Universal audio synthesizer control
Using deep learning to understand and control musical audio synthesizers
FlowSynth - Deep synthesizer control
Sound synthesizers are pervasive in music and they now even entirely define new music genres. However, their complexity and sets of parameters renders them difficult to master. We created an innovative generative probabilistic model that learns an invertible mapping between a continuous auditory latent space of a synthesizer audio capabilities and the space of its parameters. We approach this task using variational auto-encoders and normalizing flows Using this new learning model, we can learn the principal macro-controls of a synthesizer, allowing to travel across its organized manifold of sounds, performing parameter inference from audio to control the synthesizer with our voice, and even address semantic dimension learning where we find how the controls fit to given semantic concepts, all within a single model.
Project Github // Youtube video
Check out our demo on YouTube
Deep learning models have provided extremely successful methods in most application fields, by enabling unprecedented accuracy in various tasks, including audio generation. However, the consistently overlooked downside of deep models is their massive complexity and tremendous computation cost. In the context of music creation and composition, model reduction becomes eminently important to provide these systems to users in real-time settings and on dedicated lightweight embedded hardware, which are particularly pervasive in the audio generation domain. Hence, in order to design a stand alone and real time instrument, we first need to craft an extremely lightweight model in terms of computation and memory footprint. To make this task even more easier, we relied on the Nvidia Jetson Nano which is a nanocomputer containing 128-core GPUs (graphical unit processors) and 4 CPUs. The compression problem is the core of the PhD topic of Ninon Devis and a full description can be found here.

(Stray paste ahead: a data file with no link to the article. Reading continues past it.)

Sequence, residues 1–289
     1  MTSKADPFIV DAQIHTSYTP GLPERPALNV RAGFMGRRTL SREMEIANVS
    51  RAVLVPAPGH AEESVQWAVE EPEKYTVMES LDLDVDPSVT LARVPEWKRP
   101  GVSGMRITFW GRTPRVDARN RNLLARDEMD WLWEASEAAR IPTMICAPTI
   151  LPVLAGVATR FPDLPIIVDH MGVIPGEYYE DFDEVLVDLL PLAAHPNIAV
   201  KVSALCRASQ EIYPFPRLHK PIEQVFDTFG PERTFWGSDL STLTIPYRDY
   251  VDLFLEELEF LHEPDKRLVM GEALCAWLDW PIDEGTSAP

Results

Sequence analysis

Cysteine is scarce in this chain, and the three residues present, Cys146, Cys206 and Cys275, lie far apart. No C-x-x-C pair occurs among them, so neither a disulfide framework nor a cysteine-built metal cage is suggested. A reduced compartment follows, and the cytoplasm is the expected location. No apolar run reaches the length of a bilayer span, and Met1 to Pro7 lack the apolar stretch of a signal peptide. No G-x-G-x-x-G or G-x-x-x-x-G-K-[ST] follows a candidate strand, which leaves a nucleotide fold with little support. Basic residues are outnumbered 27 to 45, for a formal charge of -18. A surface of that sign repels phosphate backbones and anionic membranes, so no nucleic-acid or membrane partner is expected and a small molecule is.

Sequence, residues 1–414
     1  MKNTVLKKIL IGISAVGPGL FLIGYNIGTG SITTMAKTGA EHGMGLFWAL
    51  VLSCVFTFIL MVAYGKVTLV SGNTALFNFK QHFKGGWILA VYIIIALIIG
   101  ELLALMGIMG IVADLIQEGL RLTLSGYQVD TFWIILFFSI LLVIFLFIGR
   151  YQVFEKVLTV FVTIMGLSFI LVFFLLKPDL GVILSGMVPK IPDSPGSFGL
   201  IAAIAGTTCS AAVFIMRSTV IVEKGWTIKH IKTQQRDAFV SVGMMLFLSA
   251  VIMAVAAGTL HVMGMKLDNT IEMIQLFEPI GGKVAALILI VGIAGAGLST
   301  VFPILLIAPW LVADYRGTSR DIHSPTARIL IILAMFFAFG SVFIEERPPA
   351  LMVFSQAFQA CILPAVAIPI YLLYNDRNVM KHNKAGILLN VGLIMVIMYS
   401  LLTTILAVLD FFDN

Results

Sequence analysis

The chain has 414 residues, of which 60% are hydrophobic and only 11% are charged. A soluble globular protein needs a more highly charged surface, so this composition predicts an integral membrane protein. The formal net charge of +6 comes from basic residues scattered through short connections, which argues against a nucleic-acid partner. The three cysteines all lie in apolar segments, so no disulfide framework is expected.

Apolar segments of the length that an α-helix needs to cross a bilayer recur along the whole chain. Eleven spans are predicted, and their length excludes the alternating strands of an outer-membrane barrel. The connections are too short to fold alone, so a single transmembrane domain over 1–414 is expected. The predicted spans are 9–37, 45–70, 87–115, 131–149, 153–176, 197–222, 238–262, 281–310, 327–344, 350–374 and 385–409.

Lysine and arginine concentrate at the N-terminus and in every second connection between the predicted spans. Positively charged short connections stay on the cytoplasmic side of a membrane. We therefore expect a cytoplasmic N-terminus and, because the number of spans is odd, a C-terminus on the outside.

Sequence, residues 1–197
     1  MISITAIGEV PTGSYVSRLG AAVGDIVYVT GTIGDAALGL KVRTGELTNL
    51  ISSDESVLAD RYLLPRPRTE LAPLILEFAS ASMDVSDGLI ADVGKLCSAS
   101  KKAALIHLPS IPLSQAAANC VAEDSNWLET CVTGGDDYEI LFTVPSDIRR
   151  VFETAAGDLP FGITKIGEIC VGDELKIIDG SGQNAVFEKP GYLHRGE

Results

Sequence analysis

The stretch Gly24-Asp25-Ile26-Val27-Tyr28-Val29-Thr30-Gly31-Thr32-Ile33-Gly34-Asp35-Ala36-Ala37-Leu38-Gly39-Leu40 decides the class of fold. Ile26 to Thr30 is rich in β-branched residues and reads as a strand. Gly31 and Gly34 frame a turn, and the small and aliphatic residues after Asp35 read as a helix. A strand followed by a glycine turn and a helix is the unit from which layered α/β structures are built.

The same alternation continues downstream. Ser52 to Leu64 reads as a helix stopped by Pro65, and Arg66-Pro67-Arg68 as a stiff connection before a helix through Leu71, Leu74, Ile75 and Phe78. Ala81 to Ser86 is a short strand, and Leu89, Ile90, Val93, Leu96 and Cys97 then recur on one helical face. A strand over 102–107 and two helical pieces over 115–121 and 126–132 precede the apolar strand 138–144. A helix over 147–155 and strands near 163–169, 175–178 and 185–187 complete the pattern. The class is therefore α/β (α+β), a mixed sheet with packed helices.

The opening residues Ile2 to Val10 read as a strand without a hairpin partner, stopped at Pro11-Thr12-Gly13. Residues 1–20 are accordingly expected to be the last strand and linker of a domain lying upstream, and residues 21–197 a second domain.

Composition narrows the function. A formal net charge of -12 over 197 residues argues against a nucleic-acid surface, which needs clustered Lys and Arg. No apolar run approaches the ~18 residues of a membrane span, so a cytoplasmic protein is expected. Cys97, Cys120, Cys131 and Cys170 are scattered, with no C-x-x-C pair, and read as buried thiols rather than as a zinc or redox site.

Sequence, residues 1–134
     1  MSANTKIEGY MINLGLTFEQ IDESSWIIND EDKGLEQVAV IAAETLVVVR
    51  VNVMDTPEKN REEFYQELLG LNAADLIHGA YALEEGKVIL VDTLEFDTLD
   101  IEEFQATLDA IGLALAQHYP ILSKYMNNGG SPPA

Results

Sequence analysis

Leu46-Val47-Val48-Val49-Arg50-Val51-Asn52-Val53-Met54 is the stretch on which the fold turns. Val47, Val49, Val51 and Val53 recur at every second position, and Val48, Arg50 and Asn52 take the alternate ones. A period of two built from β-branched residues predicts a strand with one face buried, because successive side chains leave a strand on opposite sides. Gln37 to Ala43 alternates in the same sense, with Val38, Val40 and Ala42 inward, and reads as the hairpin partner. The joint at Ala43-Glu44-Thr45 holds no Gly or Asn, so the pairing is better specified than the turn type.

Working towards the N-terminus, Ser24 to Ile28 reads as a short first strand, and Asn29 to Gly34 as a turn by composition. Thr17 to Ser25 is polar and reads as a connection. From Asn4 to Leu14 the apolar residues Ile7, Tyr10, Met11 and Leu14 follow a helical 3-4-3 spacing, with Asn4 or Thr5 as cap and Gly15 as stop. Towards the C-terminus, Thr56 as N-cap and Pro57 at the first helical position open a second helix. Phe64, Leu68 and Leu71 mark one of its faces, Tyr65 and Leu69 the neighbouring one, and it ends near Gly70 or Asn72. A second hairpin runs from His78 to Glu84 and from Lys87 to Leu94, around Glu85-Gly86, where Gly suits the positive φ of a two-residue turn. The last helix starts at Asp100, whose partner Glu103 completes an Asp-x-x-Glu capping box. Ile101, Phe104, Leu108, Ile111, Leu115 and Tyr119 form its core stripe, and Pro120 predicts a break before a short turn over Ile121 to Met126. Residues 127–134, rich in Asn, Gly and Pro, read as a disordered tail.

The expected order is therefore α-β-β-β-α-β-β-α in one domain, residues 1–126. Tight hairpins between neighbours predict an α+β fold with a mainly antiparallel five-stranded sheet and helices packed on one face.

Targets of our instrument
We designed our instrument so that it follows several aspects that we found crucial:
Musical: the generative model we choose is particularly interesting as it produces sounds that are impossible to synthesize without using samples.
Controllable: the interface was relevantly chosen, being handy and easy to manipulate.
Real-time: the hardware behaves as traditional instrument and is as reactive.
Stand alone: it is playable without any computer.
The work was divided between three major steps
We set our sights on the generation of impacts as it is a very complex sound to reproduce.
We set our sights on the generation of impacts as they are very complex sounds to reproduce and almost impossible to tweak. Our model allows to generate a large variety of impacts, and enables the possibility to play, craft and merge them. The sound is generated from the distribution of 7 descriptors that can be adjusted (Loudness - Percussivity - Noisiness - Tone-like - Richness - Brightness - Pitch).
One of the biggest advantage of our module is that it can interact with other synthesizer. Following the classical conventions of modular synthesizers, our instrument can be controlled using CVs (control voltages) or gates. The main gate triggers the generation of the chosen impact. Then it is possible to modify the amount of Richness and Noisiness with two of the CVs. A second impact can be chosen to be "merge" with the main impact: we will call this operation the interpolation between two impacts. Their amounts of descriptors are melt to give an hybrid impact. The "degree of merging" is controlled by the third CV, whereas the second gate triggers the interpolation.
Here is an example of a track, where all impacts were composed with the Neurorack:
Esling, P., & Devis, N. (2020). Creativity in the era of artificial intelligence. arXiv preprint arXiv:2008.05959.
Esling, P., Devis, N., Bitton, A., Caillon, A., & Douwes, C. (2020). Diet deep generative audio models with structured lottery. arXiv preprint arXiv:2007.16170.